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Exploring the Relationship Between Water Quality and Conservation

glass of water

Declining water usage in buildings around the country is presenting water utility managers with unique challenges. One of the most notable is reducing the opportunity for pathogens such as Legionella spps. and Pseudomonas aeruginosa from surviving in plumbing system pipes and contaminating drinking water.

A project being conducted by Michigan State University (MSU) Biosystems and Agricultural Engineering (BAE) researcher Dr. Jade Mitchell, and her colleagues with EPA National Priorities grant funding is exploring the relationship between water quality and conservation.  One of the project objectives is to arrive at a better understanding of how building design, materials used to construct pipes, and water usage affect the growth of opportunistic pathogens in drinking water. Photo of Dr. Jade Mitchell

The researchers are coupling water quality models with quantitative microbial risk assessment to help predict the level of potential health risk that exists in drinking water when it flows from the tap, information needed to more accurately inform future risk management decisions and plumbing design.

“The lack of understanding that exists regarding reduced water flows and water usage presents a potential barrier to further water conservation efforts as the human health risks from increased exposure to pathogens may increase,” Mitchell said. “A better understanding of the complex plumbing environment and potential sources of human exposure determined through this project will help to address this barrier and reduce the health risks associated with (drinking water) plumbing systems.”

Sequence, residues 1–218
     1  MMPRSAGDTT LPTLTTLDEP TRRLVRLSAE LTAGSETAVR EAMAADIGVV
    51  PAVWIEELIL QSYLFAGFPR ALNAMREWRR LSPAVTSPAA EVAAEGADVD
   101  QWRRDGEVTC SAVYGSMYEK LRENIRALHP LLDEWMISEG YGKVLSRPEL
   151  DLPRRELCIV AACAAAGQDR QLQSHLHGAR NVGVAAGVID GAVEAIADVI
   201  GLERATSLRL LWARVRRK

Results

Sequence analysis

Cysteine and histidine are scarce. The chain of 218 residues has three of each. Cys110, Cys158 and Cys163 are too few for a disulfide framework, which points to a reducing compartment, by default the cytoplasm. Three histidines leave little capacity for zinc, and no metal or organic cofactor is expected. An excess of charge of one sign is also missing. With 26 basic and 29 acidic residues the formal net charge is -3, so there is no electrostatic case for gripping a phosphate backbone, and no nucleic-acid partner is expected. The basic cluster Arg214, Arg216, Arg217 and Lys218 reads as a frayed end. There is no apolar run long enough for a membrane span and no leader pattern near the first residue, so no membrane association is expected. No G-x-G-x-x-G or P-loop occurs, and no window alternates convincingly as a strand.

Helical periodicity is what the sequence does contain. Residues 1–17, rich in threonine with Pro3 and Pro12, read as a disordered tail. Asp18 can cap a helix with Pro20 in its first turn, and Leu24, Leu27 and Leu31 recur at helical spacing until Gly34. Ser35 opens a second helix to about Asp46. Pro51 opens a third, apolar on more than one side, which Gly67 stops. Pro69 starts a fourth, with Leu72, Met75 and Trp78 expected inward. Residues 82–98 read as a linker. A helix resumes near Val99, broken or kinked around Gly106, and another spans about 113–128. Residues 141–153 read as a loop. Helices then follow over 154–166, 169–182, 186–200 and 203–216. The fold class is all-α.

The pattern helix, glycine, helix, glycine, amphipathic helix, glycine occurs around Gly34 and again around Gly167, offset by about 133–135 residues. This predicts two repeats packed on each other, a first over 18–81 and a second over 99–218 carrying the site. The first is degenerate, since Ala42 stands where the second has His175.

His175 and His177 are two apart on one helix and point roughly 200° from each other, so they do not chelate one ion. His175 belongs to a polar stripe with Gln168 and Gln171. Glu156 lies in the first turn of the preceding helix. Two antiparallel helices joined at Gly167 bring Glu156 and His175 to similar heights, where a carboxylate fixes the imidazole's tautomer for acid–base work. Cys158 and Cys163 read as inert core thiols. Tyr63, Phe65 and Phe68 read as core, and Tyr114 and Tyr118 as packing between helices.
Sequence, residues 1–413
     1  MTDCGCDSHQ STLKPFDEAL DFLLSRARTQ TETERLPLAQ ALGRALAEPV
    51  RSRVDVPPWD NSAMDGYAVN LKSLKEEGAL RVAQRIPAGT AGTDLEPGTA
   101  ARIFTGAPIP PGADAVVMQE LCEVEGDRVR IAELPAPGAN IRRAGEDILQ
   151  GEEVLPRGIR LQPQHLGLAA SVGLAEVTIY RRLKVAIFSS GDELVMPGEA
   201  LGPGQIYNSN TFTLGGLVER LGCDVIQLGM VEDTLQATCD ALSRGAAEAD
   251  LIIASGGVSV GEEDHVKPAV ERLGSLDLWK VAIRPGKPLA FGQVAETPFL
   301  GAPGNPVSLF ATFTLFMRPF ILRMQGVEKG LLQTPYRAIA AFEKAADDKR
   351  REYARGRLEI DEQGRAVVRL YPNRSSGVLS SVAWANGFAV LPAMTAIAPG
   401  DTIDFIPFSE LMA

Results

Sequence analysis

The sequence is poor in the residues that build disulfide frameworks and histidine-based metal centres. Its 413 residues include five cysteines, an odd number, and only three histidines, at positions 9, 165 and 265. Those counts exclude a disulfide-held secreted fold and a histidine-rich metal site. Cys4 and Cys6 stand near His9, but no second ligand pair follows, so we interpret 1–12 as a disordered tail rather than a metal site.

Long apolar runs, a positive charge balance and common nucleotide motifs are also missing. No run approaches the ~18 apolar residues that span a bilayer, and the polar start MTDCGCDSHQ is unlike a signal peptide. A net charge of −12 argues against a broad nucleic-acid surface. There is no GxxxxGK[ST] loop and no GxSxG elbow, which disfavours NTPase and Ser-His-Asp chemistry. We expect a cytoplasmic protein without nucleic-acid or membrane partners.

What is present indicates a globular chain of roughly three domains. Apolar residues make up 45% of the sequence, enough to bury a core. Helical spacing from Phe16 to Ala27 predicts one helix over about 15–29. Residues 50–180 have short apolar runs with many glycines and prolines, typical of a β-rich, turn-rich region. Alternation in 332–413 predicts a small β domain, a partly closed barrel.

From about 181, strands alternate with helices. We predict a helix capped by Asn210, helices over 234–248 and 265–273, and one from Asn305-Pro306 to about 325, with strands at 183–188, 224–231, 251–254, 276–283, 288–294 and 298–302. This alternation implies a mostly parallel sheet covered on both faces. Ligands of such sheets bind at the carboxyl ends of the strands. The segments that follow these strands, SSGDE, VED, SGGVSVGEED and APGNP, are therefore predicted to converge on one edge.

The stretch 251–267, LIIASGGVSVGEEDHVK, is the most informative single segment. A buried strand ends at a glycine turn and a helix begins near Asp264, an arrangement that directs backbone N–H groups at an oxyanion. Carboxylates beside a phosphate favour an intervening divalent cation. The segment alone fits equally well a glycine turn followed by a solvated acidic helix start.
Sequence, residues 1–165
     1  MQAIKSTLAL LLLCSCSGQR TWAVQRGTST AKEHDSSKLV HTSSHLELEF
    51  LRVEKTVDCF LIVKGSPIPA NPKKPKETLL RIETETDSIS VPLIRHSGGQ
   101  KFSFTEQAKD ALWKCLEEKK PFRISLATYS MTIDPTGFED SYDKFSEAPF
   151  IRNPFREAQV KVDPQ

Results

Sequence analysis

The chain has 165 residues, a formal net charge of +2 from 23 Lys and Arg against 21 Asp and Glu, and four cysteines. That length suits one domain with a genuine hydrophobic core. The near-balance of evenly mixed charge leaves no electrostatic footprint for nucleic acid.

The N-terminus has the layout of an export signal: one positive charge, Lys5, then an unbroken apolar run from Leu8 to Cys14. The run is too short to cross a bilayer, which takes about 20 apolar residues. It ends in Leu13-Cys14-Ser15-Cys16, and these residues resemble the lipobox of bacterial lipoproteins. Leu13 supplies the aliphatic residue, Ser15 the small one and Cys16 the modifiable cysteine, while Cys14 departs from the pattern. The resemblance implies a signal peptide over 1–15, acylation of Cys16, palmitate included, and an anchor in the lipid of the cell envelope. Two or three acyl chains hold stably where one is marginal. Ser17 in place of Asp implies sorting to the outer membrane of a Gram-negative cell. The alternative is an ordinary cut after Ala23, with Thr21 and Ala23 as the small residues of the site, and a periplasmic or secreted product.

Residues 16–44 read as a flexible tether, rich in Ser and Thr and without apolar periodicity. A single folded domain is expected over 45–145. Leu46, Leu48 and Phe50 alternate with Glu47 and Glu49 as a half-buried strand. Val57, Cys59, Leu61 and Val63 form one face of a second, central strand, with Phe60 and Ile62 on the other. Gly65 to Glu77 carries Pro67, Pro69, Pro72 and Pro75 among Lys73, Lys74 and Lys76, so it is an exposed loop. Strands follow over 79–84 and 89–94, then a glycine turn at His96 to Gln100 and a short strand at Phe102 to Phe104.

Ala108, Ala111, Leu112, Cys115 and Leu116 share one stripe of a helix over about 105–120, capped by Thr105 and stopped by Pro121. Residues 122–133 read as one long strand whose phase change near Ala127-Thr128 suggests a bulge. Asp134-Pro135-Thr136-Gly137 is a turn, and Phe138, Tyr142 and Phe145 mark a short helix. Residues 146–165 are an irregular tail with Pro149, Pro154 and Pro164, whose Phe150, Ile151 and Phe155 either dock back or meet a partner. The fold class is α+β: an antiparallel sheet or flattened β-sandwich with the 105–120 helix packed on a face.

The researchers have submitted for review the first set of dose-response studies for these pathogens, thereby expanding the capacity for risk assessment, a process that formally integrates science across different domains to characterize pathogen risks in terms of health outcomes.

Additional quantitative microbial risk assessments are ongoing in Mitchell’s lab to determine at what concentrations other naturally occurring pathogens found in plumbing systems – those that are ever-present but unlikely to pose a human health risk – can become a concern. These benchmark calculations can also be used in the construction of future sampling, monitoring, and management protocols for ensuring safe drinking water. The work specifically targets the inhalation route of exposure which has been less formally considered in drinking water safety.

According to Mitchell, an incredible asset to the MSU study was having the opportunity to work with Whirlpool’s Retrofitted Net-zero Water, Energy, and Waste (ReNEWW) home located in West Lafayette, Ind.  Every hour, more than 75,000 flowmeter data points are taken for analysis, which equates to 1.8 million readings per day.

One of Mitchell’s collaborators, Dr. Pouyan Nejadhashemi (BAE) will use the results of these studies to develop a decision support tool for regulators, municipalities, and building designers.

More information on water safety and conservation can be found on the Center for Plumbing Safety website.

Contact Dr. Jade Mitchell for more information.

Via MSU Biosystems and Agricultural Engineering

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